If you damage something it means you harm or break it.
    Damage is the harm you cause to something.
    The computer was damaged because someone had dropped it in the factory.
    The plural noun damages means compensation (money) paid by someone who has done something wrong to the person or company affected as a form of punishment. This is a legal term.
    Fly By Night Ltd were ordered by the court to pay £70,000 in damages to Mrs Treacle for their behaviour towards her.
  • decorate [ general-vocab ]

    If you decorate your house it means you paint the walls and put up wallpaper to make it look more attractive.

    Debbie decorated her living room with a Japanese theme.

  • department [ business-vocab ]

    A department is part or section of a company responsible for a particular function, e.g. Finance, Human Resources, Production, Sales, etc
    Fiona works in the Human Resources department at an energy company in Seattle.
  • effect [ general-vocab ]

    If something (or someone) has an effect on something else it means it (or they) changes it.
    Moving to our new offices has had a very positive effect on the employees. People are much happier and more productive here than in the old location.
  • entertainment

    Entertainment means making people happy and interested in a drama, comedy, shows, music, etc.

    The entertainment industry is one of America's main exports.

  • environment [ general-vocab ]

    The environment is the natural world that surrounds us.
    Protecting the environment is not just a social obligation. It makes good business sense as well. 
    Note that the second n in environment is silent.
  • false [ general-vocab ]

    False means not real or fake.
    The suitcase had a false bottom. There was a compartment where items could be hidden.
    A false start is where someone starts something and makes a mistake, so they have to start again.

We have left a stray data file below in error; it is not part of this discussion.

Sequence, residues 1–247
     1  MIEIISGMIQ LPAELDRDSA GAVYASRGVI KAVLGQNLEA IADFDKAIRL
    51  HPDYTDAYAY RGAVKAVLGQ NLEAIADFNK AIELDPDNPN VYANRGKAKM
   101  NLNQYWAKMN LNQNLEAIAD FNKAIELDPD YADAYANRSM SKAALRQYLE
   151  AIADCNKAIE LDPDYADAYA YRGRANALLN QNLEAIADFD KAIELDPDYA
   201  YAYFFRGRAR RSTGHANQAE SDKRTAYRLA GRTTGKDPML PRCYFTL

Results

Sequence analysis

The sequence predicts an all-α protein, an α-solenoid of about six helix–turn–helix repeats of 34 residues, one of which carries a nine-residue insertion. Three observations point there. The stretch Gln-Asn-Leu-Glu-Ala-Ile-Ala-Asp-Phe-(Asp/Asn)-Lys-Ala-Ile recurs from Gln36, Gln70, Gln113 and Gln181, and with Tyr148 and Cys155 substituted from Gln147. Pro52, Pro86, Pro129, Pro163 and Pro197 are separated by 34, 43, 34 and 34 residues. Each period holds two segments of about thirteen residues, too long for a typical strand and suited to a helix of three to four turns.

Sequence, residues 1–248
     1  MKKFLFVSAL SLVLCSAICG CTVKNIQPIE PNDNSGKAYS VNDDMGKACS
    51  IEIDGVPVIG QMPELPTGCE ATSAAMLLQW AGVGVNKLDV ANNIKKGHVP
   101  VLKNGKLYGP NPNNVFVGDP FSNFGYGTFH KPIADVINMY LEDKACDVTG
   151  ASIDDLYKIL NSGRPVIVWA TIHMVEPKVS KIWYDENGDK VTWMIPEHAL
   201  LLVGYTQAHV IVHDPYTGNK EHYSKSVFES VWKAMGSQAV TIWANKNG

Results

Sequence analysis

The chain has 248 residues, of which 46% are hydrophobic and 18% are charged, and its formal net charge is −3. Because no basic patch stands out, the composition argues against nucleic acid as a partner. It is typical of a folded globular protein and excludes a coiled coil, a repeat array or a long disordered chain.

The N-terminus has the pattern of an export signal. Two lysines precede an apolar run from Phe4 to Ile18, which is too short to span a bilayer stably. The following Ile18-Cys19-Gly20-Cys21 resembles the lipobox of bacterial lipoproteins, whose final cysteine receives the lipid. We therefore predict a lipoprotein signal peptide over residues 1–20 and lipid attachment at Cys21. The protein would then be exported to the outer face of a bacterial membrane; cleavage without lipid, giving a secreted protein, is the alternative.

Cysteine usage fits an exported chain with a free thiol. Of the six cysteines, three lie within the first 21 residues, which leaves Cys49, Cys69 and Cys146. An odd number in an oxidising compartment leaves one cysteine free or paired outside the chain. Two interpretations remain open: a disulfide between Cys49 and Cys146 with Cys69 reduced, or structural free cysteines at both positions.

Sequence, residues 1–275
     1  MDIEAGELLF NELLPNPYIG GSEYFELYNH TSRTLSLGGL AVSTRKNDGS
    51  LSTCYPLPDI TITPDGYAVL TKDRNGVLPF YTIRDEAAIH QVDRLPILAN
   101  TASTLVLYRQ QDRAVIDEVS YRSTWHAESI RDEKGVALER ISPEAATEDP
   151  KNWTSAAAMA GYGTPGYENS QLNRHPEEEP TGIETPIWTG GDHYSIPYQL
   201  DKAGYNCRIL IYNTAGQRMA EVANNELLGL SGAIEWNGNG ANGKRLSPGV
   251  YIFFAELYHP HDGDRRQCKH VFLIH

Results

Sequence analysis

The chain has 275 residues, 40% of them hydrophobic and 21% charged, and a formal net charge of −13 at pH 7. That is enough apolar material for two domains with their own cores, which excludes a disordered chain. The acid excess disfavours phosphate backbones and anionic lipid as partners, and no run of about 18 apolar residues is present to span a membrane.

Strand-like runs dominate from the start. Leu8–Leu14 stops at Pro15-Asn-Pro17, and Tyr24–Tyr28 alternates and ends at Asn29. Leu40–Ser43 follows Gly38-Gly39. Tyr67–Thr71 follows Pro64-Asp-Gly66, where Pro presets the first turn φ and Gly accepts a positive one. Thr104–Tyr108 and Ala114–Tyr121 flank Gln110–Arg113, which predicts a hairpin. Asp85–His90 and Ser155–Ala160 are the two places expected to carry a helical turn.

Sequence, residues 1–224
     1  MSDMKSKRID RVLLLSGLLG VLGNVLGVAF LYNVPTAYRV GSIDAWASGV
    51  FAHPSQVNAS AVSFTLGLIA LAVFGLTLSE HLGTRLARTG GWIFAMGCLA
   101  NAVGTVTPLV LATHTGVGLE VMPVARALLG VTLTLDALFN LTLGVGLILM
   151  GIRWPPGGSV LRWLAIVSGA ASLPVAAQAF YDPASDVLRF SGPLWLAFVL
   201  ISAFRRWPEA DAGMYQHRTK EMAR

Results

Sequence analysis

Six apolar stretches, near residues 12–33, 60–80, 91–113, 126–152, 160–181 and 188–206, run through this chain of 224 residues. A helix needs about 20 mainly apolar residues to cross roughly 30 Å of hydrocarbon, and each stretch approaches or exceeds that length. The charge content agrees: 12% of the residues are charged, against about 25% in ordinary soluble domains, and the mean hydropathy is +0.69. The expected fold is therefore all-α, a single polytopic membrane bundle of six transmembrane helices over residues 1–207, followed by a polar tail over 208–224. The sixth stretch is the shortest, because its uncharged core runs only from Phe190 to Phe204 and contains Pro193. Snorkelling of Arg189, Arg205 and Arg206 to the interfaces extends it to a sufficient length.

The race had to be started again because there was a false start.
  • furniture [ general-vocab ]

    Furniture means things you can move around your house, e.g. chairs, tables, beds, etc.
    Office furniture is desks, office chairs and filing cabinets, etc.
  • glance [ business-idioms, business-vocab ]

    The word glance means to look at something quickly. It can be both a noun and a verb.
    Sophia glanced at her watch during the meeting.
    The expression at first glance means when you look at something for the first time, or your initial impression.
    At first glance, this looked like a good investment opportunity, but in fact there were some problems with the comp.
  • HR [ business-vocab ]

    The HR or Human Resources department looks after the people who work in a company.

    Fuad asked asked the HR department how many days he could take off for his holidays.

  • line [ business-vocab ]

    A line of products means a range or group of items with similar characteristics or branding.
    Our new line of anti-bacterial kitchen utensils will keep you and your family safe.
    In a company, a line can also be a way of organising the activity.
    The person immediately above you in a company organised this way is your line manager.
    I spoke to my line manager about the new project.
  • long-term [ general-vocab ]

    This means that something lasts for a long period of time.
    We are looking for long-term tenants to rent this apartment.
    The opposite of long-term is short-term, which refers to a short period of time.
  • make a killing [ business-idioms ]

    If you make a killing it means you make a lot of money.

    Some global hedge funds made a killing after Brexit.

  • marketing [ business-vocab ]

    Marketing is the activity of finding markets and customers for a product and selling it, using advertising and communication.

    The marketing department conducted research in order to understand what customers want.